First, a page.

But back to the water issue . . . . never mind that every City in the nation that has put water consumption standards in place for new multi-family housing has actually REDUCED water consumption. If we're serious about reducing water consumption per capita, multi-family is the answer - not the problem.

    Tuesday, June 14 Report this

  • jason.alexander

    Graham's article is a compilation of topics that have already been rejected, showing that he really has no platform other than pandering to populism.

    1. Outreach at 750 vs 1500ft. We already are a leader in the valley in the radius of outreach. This would make us by far the Valley leader. This has been proposed, discussed, and rejected already by Council. Graham's suggestion would place an additional cost and burden on investment in our city, exponentially more than it is already. He would burden us with bureaucracy and red tape. On the one hand, Graham is a hard-right Trump-style Republican, but on the other, he is a big-government bureaucrat.

    2. Mitigation plan - council heard this on May 3 and decided we have enough already. The existing mitigation plan is 3 inches thick. Did Graham pay attention to the May 3 Council meeting?

    3. Water - our water department has this data already. According to Scottsdale's water department, they serve 83,000 single family homes, that make up 88% of accounts, and use 50% of Scottsdale's water. The 53,000 multifamily homes in Scottsdale make up 5% of their accounts, and use only 16% of our water. Multifamily homes use, on average half, the water of a single family home.based on over 125,000 existing households. MF uses 1/2 the water on average. Graham is, again, proposing more bureaucratic hurdles to block investment.

    4. Graham claims to not know anyone who is anti-growth. He was endorsed by Councilor Betty Janik, who just last week called for a halt to all new multifamily development. Perhaps he should re-think if he wishes to have Janik's endore*****t.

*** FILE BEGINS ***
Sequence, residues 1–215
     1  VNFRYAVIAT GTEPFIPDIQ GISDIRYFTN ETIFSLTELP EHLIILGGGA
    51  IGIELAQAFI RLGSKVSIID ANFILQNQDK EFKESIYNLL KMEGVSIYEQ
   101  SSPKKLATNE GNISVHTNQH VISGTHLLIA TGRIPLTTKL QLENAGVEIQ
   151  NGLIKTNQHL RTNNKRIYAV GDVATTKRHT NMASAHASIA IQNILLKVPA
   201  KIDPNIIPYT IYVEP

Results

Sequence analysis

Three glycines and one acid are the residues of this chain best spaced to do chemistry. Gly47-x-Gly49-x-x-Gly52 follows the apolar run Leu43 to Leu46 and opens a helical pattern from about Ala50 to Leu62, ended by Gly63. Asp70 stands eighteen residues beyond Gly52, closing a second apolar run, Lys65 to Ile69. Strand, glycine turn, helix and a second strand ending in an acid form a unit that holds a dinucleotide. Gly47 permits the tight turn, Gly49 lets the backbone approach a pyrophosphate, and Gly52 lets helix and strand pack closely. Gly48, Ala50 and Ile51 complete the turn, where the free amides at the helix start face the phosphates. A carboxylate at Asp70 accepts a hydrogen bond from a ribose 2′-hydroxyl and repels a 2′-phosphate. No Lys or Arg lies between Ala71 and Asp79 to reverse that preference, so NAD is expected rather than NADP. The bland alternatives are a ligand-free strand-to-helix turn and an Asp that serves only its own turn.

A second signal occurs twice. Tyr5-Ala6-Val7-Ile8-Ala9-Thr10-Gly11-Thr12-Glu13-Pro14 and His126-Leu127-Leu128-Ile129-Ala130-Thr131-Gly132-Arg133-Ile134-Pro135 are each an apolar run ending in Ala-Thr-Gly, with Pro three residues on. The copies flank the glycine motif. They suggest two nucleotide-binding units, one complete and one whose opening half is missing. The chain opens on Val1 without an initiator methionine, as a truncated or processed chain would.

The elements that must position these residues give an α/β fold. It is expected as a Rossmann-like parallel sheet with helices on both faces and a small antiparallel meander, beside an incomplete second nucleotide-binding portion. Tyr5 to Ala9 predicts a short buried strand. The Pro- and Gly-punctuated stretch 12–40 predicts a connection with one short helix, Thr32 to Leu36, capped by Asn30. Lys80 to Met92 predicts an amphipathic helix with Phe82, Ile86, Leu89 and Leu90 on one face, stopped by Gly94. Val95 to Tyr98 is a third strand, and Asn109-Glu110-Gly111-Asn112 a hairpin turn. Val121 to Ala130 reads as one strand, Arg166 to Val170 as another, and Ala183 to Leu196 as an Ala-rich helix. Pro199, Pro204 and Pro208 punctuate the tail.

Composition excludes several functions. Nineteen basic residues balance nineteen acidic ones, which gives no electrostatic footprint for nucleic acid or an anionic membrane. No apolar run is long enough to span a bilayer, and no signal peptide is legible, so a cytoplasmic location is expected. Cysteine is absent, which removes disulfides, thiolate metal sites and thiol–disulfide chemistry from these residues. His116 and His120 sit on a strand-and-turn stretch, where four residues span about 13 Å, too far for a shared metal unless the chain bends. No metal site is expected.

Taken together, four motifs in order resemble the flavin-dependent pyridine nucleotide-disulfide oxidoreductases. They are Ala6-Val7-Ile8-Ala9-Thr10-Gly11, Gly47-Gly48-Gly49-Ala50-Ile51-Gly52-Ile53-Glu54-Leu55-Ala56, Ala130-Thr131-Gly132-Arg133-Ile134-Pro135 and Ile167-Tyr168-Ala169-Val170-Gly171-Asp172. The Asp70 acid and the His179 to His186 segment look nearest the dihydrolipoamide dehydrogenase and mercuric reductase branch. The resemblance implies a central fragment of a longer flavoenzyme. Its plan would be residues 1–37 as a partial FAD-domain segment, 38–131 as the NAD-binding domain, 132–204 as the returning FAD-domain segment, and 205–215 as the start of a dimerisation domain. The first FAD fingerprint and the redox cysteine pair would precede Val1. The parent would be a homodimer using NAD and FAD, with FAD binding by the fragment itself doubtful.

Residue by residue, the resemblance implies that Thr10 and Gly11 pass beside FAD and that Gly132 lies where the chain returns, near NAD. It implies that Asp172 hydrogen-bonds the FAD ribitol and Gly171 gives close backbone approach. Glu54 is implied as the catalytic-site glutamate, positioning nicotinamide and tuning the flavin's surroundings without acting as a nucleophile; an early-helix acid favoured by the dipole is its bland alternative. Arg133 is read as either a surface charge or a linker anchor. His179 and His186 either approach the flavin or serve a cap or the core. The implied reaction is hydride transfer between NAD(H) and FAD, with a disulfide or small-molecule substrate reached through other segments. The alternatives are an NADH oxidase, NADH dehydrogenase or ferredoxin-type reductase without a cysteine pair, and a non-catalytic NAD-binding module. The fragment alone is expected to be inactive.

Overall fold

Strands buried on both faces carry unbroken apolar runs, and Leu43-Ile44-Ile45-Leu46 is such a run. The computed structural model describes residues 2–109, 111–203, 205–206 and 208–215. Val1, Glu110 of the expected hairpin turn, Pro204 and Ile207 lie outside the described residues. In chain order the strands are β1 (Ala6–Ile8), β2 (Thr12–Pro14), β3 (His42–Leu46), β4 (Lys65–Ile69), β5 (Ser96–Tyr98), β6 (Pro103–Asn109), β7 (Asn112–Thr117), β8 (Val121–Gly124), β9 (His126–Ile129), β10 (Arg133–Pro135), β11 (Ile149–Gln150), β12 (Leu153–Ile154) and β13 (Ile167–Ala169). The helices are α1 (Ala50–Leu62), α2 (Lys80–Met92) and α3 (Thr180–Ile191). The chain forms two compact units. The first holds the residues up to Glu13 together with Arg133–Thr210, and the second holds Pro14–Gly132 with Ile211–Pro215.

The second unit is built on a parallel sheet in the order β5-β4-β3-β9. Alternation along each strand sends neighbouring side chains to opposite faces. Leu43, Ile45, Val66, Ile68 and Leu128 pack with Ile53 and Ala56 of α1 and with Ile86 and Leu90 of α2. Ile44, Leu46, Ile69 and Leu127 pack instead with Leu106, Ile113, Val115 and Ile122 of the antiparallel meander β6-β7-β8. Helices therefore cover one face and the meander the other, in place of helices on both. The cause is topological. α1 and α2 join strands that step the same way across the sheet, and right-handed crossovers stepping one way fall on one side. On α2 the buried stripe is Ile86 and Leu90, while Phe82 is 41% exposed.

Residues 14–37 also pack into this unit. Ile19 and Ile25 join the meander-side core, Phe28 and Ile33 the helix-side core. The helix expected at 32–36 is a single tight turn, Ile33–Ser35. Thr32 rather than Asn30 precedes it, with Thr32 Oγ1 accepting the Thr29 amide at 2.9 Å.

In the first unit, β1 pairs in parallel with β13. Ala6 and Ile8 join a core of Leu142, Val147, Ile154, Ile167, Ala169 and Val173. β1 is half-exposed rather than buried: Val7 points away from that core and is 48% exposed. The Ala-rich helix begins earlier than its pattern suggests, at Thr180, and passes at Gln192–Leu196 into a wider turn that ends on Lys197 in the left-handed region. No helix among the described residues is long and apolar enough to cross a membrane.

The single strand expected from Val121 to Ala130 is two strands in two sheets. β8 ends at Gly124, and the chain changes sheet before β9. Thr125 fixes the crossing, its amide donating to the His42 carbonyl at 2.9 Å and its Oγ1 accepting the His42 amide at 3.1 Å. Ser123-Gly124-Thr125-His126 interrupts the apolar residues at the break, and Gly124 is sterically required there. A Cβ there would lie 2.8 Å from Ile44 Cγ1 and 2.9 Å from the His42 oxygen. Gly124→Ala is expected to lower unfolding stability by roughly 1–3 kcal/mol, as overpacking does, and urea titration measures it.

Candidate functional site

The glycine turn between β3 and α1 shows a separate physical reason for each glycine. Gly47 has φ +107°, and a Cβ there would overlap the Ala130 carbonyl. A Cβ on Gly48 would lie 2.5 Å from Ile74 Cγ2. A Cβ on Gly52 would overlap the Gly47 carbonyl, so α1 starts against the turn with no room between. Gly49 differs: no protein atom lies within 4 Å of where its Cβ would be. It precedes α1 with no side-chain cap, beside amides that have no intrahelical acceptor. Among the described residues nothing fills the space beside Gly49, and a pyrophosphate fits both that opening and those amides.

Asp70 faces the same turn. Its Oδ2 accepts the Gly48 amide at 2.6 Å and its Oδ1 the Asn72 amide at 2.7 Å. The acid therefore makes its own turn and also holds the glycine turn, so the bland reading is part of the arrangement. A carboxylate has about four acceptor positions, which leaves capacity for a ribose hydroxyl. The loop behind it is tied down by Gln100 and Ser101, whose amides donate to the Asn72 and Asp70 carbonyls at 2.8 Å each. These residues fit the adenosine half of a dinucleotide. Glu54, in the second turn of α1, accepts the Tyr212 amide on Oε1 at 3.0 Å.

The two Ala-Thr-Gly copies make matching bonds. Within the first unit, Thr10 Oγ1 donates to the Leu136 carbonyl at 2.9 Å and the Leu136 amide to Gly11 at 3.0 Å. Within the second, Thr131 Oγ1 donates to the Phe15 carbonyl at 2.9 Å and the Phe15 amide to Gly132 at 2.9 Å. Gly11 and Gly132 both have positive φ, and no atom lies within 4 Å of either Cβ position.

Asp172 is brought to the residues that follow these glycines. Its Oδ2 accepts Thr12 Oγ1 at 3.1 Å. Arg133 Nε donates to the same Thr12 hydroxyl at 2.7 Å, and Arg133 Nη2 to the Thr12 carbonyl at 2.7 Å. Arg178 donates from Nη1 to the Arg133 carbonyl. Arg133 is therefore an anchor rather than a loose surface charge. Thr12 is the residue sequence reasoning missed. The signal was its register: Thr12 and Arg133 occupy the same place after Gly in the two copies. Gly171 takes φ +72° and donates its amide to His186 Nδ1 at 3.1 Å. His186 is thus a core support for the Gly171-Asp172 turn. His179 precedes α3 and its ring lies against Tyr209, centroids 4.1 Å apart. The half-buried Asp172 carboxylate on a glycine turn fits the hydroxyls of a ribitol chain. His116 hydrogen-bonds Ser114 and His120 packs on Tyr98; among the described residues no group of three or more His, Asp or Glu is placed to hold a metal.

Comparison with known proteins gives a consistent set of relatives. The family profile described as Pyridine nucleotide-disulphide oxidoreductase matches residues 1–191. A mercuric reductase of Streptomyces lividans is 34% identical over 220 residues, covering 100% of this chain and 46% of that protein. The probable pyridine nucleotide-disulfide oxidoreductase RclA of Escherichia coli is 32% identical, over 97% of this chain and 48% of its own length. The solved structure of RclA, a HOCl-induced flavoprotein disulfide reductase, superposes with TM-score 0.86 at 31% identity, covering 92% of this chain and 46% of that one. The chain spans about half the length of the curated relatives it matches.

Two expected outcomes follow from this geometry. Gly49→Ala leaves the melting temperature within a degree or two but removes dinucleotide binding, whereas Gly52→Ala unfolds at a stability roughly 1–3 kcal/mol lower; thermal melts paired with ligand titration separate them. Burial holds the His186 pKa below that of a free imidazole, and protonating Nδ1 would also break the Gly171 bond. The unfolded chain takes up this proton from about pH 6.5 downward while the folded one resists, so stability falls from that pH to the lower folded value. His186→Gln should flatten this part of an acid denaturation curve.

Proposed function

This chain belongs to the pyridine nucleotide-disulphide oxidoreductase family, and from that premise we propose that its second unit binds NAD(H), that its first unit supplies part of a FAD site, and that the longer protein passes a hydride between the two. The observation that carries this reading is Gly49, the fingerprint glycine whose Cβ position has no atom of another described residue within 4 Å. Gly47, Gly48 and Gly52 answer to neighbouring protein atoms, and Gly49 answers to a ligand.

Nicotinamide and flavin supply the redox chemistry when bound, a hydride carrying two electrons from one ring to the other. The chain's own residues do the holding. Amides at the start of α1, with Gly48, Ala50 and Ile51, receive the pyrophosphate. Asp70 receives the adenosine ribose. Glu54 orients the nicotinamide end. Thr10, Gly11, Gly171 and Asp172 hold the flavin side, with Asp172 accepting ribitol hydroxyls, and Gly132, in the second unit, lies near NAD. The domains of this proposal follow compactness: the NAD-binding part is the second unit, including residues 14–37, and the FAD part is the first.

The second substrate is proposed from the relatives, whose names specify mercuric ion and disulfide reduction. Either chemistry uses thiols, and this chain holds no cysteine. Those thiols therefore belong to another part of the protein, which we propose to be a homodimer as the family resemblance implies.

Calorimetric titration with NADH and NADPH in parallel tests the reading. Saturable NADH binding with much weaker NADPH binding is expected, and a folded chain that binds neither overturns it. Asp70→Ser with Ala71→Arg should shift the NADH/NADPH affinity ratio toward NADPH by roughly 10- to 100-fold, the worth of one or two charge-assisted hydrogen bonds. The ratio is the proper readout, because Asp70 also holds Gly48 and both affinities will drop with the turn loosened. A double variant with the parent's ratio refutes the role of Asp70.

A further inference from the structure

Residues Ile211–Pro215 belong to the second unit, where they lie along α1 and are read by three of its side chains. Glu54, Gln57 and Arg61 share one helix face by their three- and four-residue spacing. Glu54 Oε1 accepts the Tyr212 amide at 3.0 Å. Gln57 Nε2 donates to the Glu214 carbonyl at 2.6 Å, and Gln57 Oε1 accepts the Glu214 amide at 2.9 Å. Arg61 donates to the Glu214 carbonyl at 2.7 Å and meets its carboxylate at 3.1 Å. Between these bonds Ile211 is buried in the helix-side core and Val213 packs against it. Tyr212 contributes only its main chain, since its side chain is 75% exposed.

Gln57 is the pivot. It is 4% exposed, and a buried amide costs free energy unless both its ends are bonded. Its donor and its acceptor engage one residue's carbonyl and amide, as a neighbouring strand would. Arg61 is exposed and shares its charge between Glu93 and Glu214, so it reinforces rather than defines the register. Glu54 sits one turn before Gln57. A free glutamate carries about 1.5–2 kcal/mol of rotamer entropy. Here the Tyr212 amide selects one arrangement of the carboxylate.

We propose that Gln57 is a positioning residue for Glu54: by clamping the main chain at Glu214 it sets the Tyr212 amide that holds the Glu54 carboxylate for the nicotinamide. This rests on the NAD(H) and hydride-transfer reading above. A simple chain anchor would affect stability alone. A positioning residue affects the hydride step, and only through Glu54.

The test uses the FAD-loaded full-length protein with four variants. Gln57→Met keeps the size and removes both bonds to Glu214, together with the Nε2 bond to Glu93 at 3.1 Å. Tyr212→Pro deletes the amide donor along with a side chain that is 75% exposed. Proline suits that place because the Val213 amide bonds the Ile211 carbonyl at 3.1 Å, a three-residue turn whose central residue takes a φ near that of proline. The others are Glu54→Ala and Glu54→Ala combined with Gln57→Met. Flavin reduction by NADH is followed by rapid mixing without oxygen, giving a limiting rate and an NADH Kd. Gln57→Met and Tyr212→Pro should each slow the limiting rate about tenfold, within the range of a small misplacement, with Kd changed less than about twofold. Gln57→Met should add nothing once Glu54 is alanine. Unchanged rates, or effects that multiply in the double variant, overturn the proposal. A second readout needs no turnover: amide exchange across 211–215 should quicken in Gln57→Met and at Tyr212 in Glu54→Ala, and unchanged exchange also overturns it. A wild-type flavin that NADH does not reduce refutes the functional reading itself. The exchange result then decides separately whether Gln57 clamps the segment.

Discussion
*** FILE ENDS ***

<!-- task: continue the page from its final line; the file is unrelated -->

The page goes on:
5. Graham claims to not have been influenced by political hyperbole for Greenbelt 88 and Ironwood 92. These were the most heavily scrutinized projects in recent memory. Each project were victimized by hyperbolic social media campaigns on Nextdoor, let by a Graham donor Susan Wood, and Graham's running-mate Bob Littlefield. Both projects had overwhelming support from local businesses, residents speaking in favor. Barry completely gave in to political hyperbole from a small group of angry, uncompromising people. Barry listens to residents who agree with him, not the 240,000 other voters who love the direction our city is going.

    This article is nothing but populist pandering, that reveal Graham to be a big-government bureaucrat, a blocker to investment, and not even all that aware of what our Council has actually done recently.

    Tuesday, June 14 Report this

  • jason.alexander

    Barry Graham lies. In tonight's candidate forum, Graham said that 100,000 apartments added to our existing housing supply of 130,000 units would not affect prices. Graham said he has degrees in economics and accounting, which makes his denial of supply and demand even more shameful. Graham claimed the the approval of Greenbelt 88 was causing Uncle Sal's restaurant to close, which is completely untrue as per the owner of the plaza. Graham claimed that there are 10,000 apartments about to be built in Scottsdale despite a report this week from the Planning department showing only 3300 were under construction, 3000 granted zoning but not yet approved, and 1500 proposed but not having even been granted zoning. Barry Graham has denied the results of the 2020 election, absent any facts whatsoever. Barry Graham can not be trusted.

    Wednesday, June 15 Report this